# How to show that “most” functions $f : [0,1] \to \Bbb R$ are discontinuous everywhere?

Consider the family of functions $\mathcal F$ consisting of all functions $f : [0,1] \to \Bbb R$. I think that most of these functions will be discontinuous everywhere, that is, if you were to pick a random function $f \in \mathcal F$ it will be everywhere discontinuous with probability $1$.

How can one prove this statement? My first thought was to somehow prove that the set of $f$ that are continuous at any point $x \in [0,1]$ is countable, but that isn't true (e.g. the family of constant functions in $[0,1]$ is uncountable). Perhaps show that this set is $\aleph_1$ and the original set is $\aleph_2$? (I don't know if $|\mathcal F| = \aleph_2$ is true, it's just a thought).

• Well you would have to start by defining some probability measure on this set of functions. – air Sep 9 '15 at 19:01
• depending on your concept of "most", you get different answers... – user251257 Sep 9 '15 at 19:07
• Which probability measure are you working with? The phrase like with probability 1 is meaningless until we assign a probability law, and vague notion of randomness often results in paradoxical dead end like in the case of Bertrand paradox. – Sangchul Lee Sep 9 '15 at 19:07
• There is another notion of "most". One can show that the set of functions which are differentiable somewhere is meager (Baire first category). – zhoraster Sep 9 '15 at 19:27
• When I was thining about the problem I was also confused about how one would randomly choose a function in this case. Thanks for the link to bertrand's paradox, it explained the ambiguity very well. – MCT Sep 9 '15 at 21:11

Like the commenters have pointed out, this question is somewhat ill-defined unless you pose a probability measure on the family of functions from $[0, 1]$ to $\mathbb{R}$. However, your discussion of cardinality suggests that maybe you instead want to show that the cardinality of functions in $\mathcal{F}$ that are continuous somewhere is strictly smaller than the cardinality of $\mathcal{F}$. If this were true, then it would indeed be the case that 'most' functions in $\mathcal{F}$ are discontinuous everywhere (just like since the cardinality of the reals is greater than the cardinality of the rationals, 'most' reals are irrational).

Unfortunately this is not the case. To see this, call $\mathcal{C}$ the subset of $\mathcal{F}$ of functions that are continuous at some point. Since $\mathcal{C} \subset \mathcal{F}$, the cardinality of $\mathcal{F}$ is at least that of $\mathcal{C}$. We will show an injective mapping from $\mathcal{F}$ into $\mathcal{C}$, thus showing the cardinality of $\mathcal{C}$ is at least that of $\mathcal{F}$, and hence they have equal cardinalities.

To do this, consider the map $\pi: \mathcal{F} \rightarrow \mathcal{C}$ that sends $f \in \mathcal{F}$ to the function $g$ defined by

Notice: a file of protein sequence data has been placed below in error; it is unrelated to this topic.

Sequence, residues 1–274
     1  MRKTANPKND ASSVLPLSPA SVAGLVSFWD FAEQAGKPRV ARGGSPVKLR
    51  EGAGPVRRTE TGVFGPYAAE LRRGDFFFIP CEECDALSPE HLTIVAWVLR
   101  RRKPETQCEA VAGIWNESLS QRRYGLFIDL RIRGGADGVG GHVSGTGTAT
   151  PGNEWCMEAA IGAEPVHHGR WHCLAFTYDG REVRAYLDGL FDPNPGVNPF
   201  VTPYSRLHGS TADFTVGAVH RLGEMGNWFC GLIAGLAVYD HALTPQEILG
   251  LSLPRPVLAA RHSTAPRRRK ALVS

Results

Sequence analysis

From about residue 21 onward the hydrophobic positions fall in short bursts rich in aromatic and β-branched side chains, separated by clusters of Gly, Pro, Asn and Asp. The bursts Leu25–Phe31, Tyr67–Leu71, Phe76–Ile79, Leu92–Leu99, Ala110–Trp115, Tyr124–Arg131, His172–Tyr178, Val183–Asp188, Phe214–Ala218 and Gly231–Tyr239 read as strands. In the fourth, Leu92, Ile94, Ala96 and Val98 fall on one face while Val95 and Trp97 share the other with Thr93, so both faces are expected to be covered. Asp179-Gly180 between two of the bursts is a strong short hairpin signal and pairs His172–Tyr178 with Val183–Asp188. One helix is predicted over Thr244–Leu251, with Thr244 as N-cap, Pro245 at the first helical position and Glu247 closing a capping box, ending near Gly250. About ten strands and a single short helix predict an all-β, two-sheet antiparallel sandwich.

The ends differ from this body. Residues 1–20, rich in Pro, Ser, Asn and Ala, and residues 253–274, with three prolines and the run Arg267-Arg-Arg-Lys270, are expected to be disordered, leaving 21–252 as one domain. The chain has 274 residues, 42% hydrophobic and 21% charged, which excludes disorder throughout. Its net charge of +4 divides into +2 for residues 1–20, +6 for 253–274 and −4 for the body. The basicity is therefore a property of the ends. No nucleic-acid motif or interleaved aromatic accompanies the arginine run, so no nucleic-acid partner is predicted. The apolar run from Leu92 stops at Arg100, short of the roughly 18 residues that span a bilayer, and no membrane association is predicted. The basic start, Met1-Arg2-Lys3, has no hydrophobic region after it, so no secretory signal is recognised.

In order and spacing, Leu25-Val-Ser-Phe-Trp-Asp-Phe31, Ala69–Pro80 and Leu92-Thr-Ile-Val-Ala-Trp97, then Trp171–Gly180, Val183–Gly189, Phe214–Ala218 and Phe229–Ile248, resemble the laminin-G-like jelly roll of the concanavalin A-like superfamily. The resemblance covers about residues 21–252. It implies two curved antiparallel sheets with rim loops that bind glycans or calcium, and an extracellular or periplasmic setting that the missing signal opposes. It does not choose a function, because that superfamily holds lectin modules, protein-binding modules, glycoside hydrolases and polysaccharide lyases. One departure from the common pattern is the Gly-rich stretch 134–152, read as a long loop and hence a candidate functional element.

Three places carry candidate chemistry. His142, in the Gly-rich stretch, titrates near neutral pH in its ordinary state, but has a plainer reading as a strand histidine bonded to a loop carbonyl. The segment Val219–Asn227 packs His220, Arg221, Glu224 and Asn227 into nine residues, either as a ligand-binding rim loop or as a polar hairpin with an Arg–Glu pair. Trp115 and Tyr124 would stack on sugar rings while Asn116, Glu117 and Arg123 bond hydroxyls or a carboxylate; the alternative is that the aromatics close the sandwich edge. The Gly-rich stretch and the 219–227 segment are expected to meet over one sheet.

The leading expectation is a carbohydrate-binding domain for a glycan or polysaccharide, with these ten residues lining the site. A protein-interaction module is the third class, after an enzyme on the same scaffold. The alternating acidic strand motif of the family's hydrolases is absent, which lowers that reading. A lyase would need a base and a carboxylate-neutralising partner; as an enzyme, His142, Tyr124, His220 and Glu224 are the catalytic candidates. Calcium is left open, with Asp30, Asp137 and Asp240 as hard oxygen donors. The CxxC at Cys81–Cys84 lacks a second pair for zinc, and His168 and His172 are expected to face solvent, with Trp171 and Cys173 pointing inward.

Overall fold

$$g(x) = \begin{cases}f(2x) \mbox{ if } 0 \leq x \leq 1/2 \\ x \mbox{ if } 1/2 < x\end{cases}$$

Note that $g$ is continuous at $1$ (and many more values), so it belongs to $\mathcal{C}$. Furthermore this map is injective. It follows that $|\mathcal{C}| \geq |\mathcal{F}|$, and hence $|\mathcal{C}| = |\mathcal{F}|$.

• Do these sets both have cardinality $\aleph_1$? – MCT Sep 9 '15 at 21:07
• @Soke they are both $2^{\aleph_1}$ – user251257 Sep 10 '15 at 1:42
• @user251257: No, they are both $2^{2^{\aleph_0}}$. – Eric Wofsey Sep 10 '15 at 8:09
• @EricWofsey on yeah. my bad. – user251257 Sep 10 '15 at 8:27
• @user251257, pretty sure those two are the same..? – Morgan Rogers Aug 6 '16 at 21:20

As mentioned in the comments, this question is ill-defined unless you describe more precisely what you mean by "random" and "probability". Here is one reasonable such definition (for a slightly different version of the question) for which it is true that a random function is discontinuous everywhere with probability $1$.

Consider only functions $f:[0,1]\to[0,1]$, and choose them randomly by independently choosing the value of $f(t)$ for each $t\in [0,1]$ with respect to the uniform distribution on $[0,1]$. More precisely, our measure space is the Cartesian product of uncountably many copies of $[0,1]$ with Lebesgue measure, one copy for each $t\in [0,1]$.

Let $f$ be such a "randomly chosen" function; I claim that with probability $1$, $f$ is nowhere continuous. For any interval $(a,b)\subset[0,1]$ with rational endpoints, then with probability $1$ there is some $x\in(a,b)$ such that $f(x)<1/3$. Indeed, there are infinitely many $x\in (a,b)$, and for each one of them there is an independent $1/3$ chance that $f(x)<1/3$, so with probability $1$ there will be some $x$ such that $f(x)<1/3$ (if you flip a 3-sided coin infinitely many times, you will almost surely get at least one heads; you can prove this rigorously by a simple calculation). Similarly, with probability $1$ there is some $y\in(a,b)$ such that $f(y)>2/3$. There are only countably many such intervals $(a,b)$, so it follows that with probability $1$, for every interval $(a,b)$ with rational endpoints., there exist $x,y\in (a,b)$ such that $f(x)<1/3$ and $f(y)>2/3$.

But no such function can be continuous anywhere. For if $f$ were continuous at $t\in (0,1)$, then we would be able to find some small interval $(a,b)$ with rational endpoints containing $t$ such that $|f(z)-f(t)|<1/6$ for all $z\in (a,b)$. Choosing $x,y\in (a,b)$ such that $f(x)<1/3$ and $f(y)>2/3$, we find by the triangle inequality that $|f(x)-f(y)|\leq |f(x)-f(t)|+|f(t)-f(y)|<1/3$, which is a contradiction.